The World Health Organization (WHO) now fears that the COVID-19 pandemic will kill two million people if the world does not mobilize strongly, and calls are increasing to fairly share future vaccines.
The pandemic has already killed nearly a million people, out of more than 32 million cases of contamination, including seven million in the United States. It plunged the economy into an unprecedented recession and forced the cancellation or delay of major cultural and sporting events.
Asked in Geneva about the possibility that the final death toll from COVID-19 could reach two million, a WHO official deemed the hypothesis plausible.
If we don't do everything possible, the number you are talking about is not only possible, but unfortunately very likely, said Michael Ryan, WHO's director of emergency situations.
To try to avoid this, a frantic race for the vaccine has been launched: it is a question both of developing this anti-coronavirus weapon and for each country to ensure that its population will be able to have sufficient doses.
At the United Nations Annual General Assembly, Latin America and Australia demanded free access to future vaccines, while the United States, Europe and Japan have already reserved more than half of the doses that would be available initially.
Anyone who finds a vaccine must share it … it's a global responsibility and a moral responsibilityAustralian Prime Minister Scott Morrison said on Friday. The world
will judge very, very severely those who will seek to extract from this crisis
short-term benefit or profit, he warned.
India, world's largest vaccine maker, to use resources in fight against pandemic
for all mankind, his Prime Minister Narendra Modi promised on Saturday before the UN.
India's vaccine production and delivery capabilities will be used to help all mankind fight this crisis, Modi said, adding that his country would also help countries
improve their cold chain and storage capacities.
The disease is gaining ground
For now, the pandemic continues to progress.
In total in the world, there are 987,764 dead on Saturday.
The pandemic accelerated slightly this week, peaking at more than 300,000 new cases per day.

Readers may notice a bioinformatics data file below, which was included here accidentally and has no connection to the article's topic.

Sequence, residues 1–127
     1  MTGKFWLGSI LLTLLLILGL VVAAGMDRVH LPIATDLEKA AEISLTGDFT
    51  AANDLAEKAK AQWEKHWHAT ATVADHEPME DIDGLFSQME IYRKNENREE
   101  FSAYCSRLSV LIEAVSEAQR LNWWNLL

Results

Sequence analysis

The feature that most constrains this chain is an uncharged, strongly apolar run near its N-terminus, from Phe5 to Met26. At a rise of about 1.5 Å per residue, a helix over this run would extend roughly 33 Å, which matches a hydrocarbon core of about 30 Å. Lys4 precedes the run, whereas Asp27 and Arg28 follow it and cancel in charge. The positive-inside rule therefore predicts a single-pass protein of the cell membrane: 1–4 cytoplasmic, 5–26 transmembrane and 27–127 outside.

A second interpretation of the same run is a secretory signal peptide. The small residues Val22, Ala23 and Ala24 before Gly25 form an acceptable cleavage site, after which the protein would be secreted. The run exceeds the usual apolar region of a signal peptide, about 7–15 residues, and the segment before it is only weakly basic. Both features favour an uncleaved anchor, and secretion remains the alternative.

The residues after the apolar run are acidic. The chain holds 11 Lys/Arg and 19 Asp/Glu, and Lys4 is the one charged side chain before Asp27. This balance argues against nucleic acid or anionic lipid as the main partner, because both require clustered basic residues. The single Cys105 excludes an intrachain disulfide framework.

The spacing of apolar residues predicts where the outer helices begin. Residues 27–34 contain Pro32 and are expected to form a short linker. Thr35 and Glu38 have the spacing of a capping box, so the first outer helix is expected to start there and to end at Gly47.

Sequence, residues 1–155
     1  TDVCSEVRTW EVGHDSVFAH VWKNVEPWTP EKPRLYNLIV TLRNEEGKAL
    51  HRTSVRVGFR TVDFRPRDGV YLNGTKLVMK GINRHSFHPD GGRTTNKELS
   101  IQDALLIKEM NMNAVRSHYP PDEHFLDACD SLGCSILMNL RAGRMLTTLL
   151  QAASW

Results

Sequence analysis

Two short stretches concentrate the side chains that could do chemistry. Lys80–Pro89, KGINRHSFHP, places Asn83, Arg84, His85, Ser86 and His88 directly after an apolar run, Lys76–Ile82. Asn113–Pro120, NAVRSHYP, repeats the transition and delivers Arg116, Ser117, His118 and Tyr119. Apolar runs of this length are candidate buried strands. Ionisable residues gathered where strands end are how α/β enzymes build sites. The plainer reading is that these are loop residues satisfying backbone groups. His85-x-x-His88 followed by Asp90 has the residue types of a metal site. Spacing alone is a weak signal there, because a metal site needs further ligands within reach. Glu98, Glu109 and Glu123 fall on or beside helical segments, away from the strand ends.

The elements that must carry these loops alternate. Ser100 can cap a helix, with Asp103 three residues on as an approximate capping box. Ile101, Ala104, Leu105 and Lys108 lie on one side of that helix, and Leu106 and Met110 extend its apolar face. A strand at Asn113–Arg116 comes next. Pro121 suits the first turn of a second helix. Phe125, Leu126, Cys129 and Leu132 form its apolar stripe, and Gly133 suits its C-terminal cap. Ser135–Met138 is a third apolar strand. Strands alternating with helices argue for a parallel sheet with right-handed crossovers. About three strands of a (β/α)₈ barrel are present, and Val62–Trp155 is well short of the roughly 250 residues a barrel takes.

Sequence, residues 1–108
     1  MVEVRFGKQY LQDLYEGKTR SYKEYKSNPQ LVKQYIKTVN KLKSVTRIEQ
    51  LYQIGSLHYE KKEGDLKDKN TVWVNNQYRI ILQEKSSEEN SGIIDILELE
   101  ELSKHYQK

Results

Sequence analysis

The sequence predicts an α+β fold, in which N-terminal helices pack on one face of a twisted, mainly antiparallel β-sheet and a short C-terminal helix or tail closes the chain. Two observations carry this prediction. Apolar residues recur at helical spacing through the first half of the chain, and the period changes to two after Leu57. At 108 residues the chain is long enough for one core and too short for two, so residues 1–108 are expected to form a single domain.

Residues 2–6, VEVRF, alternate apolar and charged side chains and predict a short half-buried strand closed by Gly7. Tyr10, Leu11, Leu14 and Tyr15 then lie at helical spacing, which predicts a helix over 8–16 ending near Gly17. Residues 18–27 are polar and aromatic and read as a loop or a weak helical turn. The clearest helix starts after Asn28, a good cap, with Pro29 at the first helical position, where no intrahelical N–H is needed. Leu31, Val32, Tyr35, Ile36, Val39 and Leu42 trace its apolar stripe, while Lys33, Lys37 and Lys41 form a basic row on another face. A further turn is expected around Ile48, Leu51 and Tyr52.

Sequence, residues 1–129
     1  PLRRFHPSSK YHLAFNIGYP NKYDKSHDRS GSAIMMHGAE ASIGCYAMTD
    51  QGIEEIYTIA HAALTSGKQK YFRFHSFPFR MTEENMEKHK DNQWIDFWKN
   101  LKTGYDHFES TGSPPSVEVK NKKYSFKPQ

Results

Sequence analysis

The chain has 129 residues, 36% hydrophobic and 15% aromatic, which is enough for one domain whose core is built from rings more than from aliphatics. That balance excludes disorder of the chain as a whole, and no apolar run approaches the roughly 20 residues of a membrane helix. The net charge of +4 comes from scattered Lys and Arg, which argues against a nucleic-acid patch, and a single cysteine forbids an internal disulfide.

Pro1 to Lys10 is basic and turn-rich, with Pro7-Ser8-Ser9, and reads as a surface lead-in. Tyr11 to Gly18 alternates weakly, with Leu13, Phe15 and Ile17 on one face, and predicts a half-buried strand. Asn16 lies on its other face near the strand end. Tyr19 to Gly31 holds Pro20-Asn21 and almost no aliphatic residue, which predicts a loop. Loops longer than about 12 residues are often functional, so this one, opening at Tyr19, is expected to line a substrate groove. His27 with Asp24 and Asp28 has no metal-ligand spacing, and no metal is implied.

The acceleration was strongest in Europe (+ 22% compared to the previous week).
In the United States, the most heavily affected country, the epidemic is stagnating, but at a high level: the number of contaminations exceeded 7 million on Friday and more than 203,750 people have died from COVID-19 since February.
Europe is reconfiguring
In Spain, the Madrid region is preparing to extend the restrictions already in force to new areas. As of Monday, an additional 167,000 inhabitants – a little over a million people in total – will only be able to leave their neighborhood for specific reasons: to go to work, to go to the doctor or to take their children to hospital. school.
In the UK, nearly half of Wales will be subject to local lockdown. Welsh Minister of Health Vaughan Getting announced that from 6 p.m. Sunday it would be banned from entering or leaving the cities of Cardiff and Swansea without a valid reason, such as work or school. . The same provisions will come into force on Saturday in Llanelli.
In the United Kingdom, still, 10 people were arrested and 4 police officers injured, Saturday in London, during a demonstration which brought together thousands of opponents to the restrictions taken by 10, Downey Street in the face of a resurgence of the virus, a the police announced.
In Marseille, the second largest city in France, politicians, entrepreneurs and traders took to the streets on Friday to protest against the total closure of bars and restaurants decided by the government.
The metropolis of Marseille-Aix is now classified
maximum alert zone. Eleven other agglomerations, including Paris, were placed by the government in
enhanced alert zone, with among other measures the closing of bars at 10 p.m.
The Moscow city hall, faced with a new surge in contaminations, asked elderly residents of the Russian capital on Friday to confine themselves and called on companies to favor teleworking.
In Burma, a country relatively untouched until now and where the health system is one of the most precarious in the world, 6,000 people were quarantined in Yangon and on Saturday, official media reported that seven new centers had been built for isolate 1,000 other people.
In Israel, the government announced new restrictions on international flights on Friday.
Conversely, Peru will reopen its air borders to a number of countries on October 5, after seven months of closure.
And in China, crowds flocked to the big Beijing auto show on Saturday – the industry's only international event this year – as automakers look to attract customers again despite the pandemic.
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